The 2012 Chevrolet Captiva Sport was introduced as the new somewhat popular but short-lived second-generation Saturn Vue in the United States. The keyless entry remote key fob option was available on every Chevrolet Captiva Sport model produced. However, the Chevrolet Captiva Sport's remote fob was not on-board programmable, meaning a person could not program the keyless entry remote key fob with keyless entry remote key fob programming instructions. Instead, specialized equipment is required in order to program the keyless entry remote key fob.
The Captiva Sport came back for the sole purpose of fulfilling fleet orders, according to General Motors.
In 2011, with demand surging for compact crossovers, Chevy was having trouble keeping up with dealer orders for its fresher Equinox model. Obligations to fleet customers — rental companies, government agencies and commercial buyers, who were ordering small crossovers in larger numbers — only increased the strain on supply.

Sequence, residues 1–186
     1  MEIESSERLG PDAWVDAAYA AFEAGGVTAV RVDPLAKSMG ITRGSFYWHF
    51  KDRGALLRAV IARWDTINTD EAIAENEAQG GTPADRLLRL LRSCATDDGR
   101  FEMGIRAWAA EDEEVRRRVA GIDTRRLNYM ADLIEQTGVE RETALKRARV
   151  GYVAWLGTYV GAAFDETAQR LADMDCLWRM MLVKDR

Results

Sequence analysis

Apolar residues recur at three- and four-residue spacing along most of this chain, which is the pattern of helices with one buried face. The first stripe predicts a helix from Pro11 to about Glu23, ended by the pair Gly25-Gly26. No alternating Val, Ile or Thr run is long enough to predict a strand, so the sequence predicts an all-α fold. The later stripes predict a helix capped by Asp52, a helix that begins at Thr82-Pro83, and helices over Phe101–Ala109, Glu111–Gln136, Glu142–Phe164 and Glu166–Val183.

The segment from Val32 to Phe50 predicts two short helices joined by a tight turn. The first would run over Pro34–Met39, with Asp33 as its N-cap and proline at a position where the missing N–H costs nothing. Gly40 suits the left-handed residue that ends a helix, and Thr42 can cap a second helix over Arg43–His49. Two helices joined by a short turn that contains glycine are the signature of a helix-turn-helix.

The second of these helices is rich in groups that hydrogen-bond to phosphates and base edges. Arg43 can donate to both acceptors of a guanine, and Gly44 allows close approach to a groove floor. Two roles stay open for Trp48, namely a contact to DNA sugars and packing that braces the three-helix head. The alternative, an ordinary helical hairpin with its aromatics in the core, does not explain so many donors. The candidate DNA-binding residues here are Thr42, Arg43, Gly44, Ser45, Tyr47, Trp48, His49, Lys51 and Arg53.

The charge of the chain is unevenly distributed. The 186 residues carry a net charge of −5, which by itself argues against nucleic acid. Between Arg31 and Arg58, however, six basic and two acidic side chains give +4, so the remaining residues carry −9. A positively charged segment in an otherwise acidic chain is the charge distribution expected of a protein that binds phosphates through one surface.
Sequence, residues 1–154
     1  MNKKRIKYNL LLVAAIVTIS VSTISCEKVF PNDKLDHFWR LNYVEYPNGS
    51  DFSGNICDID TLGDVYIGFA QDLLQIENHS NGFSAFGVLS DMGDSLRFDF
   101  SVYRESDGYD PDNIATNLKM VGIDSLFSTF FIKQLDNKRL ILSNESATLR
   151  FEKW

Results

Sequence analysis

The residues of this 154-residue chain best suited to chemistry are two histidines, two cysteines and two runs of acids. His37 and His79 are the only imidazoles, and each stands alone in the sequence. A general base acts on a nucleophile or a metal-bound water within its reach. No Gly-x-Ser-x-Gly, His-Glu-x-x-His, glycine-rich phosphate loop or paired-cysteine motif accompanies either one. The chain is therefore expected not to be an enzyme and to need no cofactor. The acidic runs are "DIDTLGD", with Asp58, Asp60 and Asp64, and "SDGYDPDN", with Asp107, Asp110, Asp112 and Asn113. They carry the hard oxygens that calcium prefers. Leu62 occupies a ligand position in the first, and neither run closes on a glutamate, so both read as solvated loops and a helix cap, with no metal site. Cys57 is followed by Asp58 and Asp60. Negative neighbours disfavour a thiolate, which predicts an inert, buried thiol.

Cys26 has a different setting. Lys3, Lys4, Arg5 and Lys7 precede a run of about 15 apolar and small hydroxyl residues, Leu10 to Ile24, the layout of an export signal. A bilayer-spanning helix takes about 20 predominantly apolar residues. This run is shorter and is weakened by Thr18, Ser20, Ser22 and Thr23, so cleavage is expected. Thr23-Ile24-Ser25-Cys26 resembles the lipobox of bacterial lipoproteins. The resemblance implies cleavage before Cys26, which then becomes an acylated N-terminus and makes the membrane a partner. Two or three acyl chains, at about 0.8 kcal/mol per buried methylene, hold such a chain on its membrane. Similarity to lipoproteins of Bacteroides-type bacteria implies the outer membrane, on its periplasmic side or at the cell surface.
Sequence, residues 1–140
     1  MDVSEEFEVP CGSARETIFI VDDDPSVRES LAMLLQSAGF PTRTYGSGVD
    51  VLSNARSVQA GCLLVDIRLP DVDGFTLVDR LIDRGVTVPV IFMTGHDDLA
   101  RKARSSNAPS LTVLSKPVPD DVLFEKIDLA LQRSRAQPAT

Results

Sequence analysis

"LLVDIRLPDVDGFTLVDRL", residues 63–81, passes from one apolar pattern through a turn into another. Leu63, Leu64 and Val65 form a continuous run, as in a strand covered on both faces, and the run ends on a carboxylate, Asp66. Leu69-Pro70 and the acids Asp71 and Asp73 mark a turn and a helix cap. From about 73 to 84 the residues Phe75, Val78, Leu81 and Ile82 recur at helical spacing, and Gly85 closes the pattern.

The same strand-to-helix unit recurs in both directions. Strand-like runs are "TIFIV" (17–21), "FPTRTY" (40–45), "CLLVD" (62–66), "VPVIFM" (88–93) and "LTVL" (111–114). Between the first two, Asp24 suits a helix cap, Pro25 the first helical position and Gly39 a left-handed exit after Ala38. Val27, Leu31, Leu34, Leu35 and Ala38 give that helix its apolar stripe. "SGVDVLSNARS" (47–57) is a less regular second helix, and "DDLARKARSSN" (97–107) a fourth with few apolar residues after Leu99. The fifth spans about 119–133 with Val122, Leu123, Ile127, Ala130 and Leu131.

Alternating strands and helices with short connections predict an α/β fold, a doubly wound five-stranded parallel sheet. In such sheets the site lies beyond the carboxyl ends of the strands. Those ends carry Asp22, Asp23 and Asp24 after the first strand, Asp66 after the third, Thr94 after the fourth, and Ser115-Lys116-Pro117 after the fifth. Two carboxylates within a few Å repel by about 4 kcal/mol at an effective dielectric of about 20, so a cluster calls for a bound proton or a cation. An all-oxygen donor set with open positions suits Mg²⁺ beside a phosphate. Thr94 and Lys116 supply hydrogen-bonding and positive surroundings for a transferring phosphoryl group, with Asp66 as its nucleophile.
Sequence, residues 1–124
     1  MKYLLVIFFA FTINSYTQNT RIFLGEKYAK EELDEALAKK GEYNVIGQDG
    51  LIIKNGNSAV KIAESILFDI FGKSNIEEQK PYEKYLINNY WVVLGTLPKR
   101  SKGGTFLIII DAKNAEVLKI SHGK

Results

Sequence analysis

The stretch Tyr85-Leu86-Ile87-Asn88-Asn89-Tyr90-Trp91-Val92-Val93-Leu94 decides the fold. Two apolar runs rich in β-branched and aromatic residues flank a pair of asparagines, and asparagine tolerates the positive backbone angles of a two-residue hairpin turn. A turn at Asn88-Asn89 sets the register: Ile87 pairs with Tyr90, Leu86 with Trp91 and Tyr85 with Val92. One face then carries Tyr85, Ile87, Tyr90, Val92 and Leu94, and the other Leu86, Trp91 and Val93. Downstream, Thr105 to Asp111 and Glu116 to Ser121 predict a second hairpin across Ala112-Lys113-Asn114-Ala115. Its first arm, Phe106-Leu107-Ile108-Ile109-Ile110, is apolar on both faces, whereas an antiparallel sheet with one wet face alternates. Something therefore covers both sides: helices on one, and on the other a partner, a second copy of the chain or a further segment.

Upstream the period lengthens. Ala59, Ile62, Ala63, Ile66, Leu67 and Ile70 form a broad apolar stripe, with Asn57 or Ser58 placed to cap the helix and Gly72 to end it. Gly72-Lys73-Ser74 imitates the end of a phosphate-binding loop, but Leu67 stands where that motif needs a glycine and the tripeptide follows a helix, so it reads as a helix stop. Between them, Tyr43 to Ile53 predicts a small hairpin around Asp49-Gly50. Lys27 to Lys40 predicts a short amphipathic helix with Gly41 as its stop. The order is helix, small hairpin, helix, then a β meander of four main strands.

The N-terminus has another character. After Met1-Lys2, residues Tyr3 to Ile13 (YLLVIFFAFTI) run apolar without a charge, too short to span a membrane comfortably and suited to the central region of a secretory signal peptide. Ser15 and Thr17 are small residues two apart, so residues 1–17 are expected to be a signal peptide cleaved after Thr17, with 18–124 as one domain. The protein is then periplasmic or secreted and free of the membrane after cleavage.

So Chevy turned again to the Antara platform, resuscitating the Vue in fall 2011 as the Captiva Sport, a version already being built in Mexico — where the Vue had also been made — for South American markets. (To add to the confusion, a seven-seater with similar architecture is sold as a Captiva, sans “Sport,” overseas.)
The Captiva Sport is available in LS, LT and LTZ trims. All models include 17-inch aluminum wheels, air conditioning, power windows and locks, and electronic stability control. Front-wheel drive is standard, and all-wheel drive is optional. Up-level trims offer features like leather seats, a rearview camera and sunroof.
The Captiva Sport is powered by a 172-horsepower, 2.4-liter four-cylinder on the LS trim and a 264-hp, 3.0-liter V-6 on the LT and LTZ trims. All models use a six-speed automatic transmission.